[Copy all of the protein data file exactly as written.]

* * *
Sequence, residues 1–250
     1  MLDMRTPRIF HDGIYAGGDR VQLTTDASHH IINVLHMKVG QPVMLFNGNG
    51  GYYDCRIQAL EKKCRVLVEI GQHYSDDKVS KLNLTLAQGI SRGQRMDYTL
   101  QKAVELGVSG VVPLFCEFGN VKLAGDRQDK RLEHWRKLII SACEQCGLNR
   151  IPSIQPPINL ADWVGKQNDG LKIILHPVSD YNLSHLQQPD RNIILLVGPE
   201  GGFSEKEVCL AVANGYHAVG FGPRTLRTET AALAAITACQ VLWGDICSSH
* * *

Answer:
Sequence, residues 1–250
     1  MLDMRTPRIF HDGIYAGGDR VQLTTDASHH IINVLHMKVG QPVMLFNGNG
    51  GYYDCRIQAL EKKCRVLVEI GQHYSDDKVS KLNLTLAQGI SRGQRMDYTL
   101  QKAVELGVSG VVPLFCEFGN VKLAGDRQDK RLEHWRKLII SACEQCGLNR
   151  IPSIQPPINL ADWVGKQNDG LKIILHPVSD YNLSHLQQPD RNIILLVGPE
   201  GGFSEKEVCL AVANGYHAVG FGPRTLRTET AALAAITACQ VLWGDICSSH